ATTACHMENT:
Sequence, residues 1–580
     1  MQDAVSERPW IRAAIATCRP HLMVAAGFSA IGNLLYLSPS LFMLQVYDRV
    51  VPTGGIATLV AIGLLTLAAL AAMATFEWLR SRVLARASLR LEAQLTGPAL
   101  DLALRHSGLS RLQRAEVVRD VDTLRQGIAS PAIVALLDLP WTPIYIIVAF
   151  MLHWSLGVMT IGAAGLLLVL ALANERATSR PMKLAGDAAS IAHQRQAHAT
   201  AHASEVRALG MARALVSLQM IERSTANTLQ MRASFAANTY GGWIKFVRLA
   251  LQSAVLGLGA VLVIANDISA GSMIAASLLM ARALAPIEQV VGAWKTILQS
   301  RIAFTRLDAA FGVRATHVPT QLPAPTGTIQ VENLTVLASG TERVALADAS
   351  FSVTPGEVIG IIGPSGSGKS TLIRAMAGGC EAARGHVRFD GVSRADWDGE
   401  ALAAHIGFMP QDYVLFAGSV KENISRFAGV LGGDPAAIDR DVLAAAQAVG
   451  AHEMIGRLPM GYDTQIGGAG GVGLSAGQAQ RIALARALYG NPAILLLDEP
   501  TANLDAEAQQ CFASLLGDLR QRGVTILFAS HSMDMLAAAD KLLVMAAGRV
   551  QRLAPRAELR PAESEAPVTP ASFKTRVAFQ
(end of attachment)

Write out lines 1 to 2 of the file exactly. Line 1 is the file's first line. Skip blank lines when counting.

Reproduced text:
Sequence, residues 1–580
     1  MQDAVSERPW IRAAIATCRP HLMVAAGFSA IGNLLYLSPS LFMLQVYDRV